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Controlling Portion Control

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In an industry where more food sold means more money, what value could portion control possibly hold?

Plenty, as we’ve seen with the explosion of 100-calorie products that repackage treats into smaller servings and sell at a higher price. Even though interest in 100-calorie bars and packs has flagged, studies show shoppers are still trying to limit their intake. A recent study from the NPD Group found 57% of consumers want to eat smaller portions this year, while 43% say they’re already doing so.

Nutrition science, meanwhile, is increasingly validating portion control as the most effective way to lose weight. Calories are calories, say researchers like those who published this study last month in the Journal of Clinical Nutrition. Be they from candy bars or vegetables, what matters it the math behind what’s eaten and what’s burned off.

So if the demand is there and so is the science, what could the problem be?

The problem is that people aren’t actually controlling their portions. Research consistently shows that consumers eat whatever is in front of them, whether it’s a plate of spaghetti or a big bag of chips. As for the 100-calorie packs, people have a hard time limiting themselves just to one. In one study, researchers found that people actually ate 25% more M&Ms from portion-control packs than from one large bag. The limited size can be a way of rationalizing indulgence.

But okay, if the demand is there, surely there’s an effective way to offer effective portion control. Enter a particularly tempting morsel from the Mars candy company. By the year 2013, it plans to make all of its candy bars 250 calories or less. A Snickers bar currently contains 280 calories, meaning Mars, rather than reformulate and risk certain insurrection from its customers, will simply lop off 30 calories from the bar. While this doesn’t make a Snickers “healthy”, per se, it does seem like effective portion control since it limits calories within the purchase. What sounds more dubious is the company’s plan to replace king-size bars with packs containing two or three of the 250-calorie bars.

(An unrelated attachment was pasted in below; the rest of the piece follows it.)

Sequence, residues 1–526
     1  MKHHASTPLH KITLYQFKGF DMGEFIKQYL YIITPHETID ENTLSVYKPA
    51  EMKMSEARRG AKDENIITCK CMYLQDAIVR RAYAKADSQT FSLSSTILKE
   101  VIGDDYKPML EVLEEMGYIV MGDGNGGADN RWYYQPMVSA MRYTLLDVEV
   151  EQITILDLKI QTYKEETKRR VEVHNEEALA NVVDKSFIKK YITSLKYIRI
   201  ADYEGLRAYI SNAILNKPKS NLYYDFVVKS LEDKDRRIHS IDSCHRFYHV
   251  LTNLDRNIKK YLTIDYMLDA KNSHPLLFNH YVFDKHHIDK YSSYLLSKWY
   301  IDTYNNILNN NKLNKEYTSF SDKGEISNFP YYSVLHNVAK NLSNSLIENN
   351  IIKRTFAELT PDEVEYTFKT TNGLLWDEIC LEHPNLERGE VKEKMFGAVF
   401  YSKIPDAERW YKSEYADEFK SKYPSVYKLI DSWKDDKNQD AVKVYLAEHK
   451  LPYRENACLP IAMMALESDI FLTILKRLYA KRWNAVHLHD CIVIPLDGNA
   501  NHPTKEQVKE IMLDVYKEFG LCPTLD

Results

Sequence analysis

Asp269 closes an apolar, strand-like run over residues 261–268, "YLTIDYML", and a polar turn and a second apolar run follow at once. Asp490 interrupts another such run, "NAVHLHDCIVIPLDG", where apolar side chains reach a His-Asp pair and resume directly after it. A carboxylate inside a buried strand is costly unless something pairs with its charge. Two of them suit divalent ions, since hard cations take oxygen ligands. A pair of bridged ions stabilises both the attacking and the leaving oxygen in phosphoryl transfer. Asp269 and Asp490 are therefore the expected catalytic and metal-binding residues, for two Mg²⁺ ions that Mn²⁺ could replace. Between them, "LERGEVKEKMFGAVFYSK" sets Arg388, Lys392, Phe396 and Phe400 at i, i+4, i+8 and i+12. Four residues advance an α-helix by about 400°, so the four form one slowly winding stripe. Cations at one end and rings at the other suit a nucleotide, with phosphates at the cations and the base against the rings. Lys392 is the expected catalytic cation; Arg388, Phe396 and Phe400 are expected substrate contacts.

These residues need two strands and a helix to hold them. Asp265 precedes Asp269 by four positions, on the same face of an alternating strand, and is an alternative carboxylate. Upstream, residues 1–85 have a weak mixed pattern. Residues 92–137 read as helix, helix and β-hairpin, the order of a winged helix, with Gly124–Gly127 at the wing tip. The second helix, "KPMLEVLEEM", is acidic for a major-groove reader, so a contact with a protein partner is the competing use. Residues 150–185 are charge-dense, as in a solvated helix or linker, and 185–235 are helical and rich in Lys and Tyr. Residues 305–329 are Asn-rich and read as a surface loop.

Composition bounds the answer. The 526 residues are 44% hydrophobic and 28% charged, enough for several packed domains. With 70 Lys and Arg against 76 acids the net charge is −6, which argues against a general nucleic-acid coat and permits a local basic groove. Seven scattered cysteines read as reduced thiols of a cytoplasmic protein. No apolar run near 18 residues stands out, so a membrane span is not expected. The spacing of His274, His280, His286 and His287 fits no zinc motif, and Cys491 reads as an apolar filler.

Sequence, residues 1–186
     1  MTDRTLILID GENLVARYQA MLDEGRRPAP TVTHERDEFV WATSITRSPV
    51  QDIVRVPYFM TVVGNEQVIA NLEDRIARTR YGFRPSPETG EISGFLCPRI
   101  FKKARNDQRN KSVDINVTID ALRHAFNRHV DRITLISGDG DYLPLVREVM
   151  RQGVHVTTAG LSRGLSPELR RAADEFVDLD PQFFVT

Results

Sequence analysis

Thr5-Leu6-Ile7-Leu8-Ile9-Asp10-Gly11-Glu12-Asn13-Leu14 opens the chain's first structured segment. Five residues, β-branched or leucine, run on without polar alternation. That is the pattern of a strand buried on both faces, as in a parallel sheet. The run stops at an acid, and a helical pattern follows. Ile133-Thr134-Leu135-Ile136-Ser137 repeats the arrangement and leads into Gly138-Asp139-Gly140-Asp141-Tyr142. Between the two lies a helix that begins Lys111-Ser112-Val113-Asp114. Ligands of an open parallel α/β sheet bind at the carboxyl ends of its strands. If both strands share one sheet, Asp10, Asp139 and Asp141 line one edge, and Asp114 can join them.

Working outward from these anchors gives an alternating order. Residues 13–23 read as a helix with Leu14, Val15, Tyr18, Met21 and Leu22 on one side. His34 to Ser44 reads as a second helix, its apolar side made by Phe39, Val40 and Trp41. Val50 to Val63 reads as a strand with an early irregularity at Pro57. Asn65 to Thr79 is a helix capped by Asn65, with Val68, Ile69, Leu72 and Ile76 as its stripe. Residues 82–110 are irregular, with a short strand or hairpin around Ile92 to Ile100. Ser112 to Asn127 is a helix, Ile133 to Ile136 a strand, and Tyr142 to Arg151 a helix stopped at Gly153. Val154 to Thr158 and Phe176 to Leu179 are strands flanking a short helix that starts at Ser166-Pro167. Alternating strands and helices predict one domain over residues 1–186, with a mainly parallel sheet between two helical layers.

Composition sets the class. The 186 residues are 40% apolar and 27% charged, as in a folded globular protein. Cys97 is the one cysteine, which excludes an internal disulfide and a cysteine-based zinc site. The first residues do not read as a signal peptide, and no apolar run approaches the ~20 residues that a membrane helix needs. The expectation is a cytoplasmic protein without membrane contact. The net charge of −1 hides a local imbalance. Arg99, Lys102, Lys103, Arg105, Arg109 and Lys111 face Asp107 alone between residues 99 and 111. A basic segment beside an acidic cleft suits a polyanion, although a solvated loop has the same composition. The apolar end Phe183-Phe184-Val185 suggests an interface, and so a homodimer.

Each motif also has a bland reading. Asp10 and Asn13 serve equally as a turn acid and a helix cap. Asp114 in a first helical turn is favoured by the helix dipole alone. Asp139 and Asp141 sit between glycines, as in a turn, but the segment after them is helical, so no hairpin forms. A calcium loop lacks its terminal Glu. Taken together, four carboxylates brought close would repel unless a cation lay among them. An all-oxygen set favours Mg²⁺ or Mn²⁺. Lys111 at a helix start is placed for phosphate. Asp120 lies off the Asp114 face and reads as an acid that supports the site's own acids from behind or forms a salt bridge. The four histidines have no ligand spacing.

The key, it seems, is in removing temptation while enabling healthy aspirations. In one recent study offered, diners at a Chinese restaurant were given the option of a half-size entree for the same price as a full-size one. Surprisingly, people jumped for the smaller portion. It appears they followed their higher knowledge regarding the importance of eating less, and were able to follow through on that with a truly limited portion. They probably didn’t even need a doggy bag.

For supermarkets, this is all food for thought. Store dietitians I’ve talked to recently all say they’re emphasizing portion control along with eating a balanced diet. That can be a challenge, though, in an industry full of impulse buys and other goodies. The best bet may be to teach shoppers how to prepare smaller-sized meals. Think of the message: Go ahead and cook that mac and cheese and grill that skirt steak. But next time, try making half as much.

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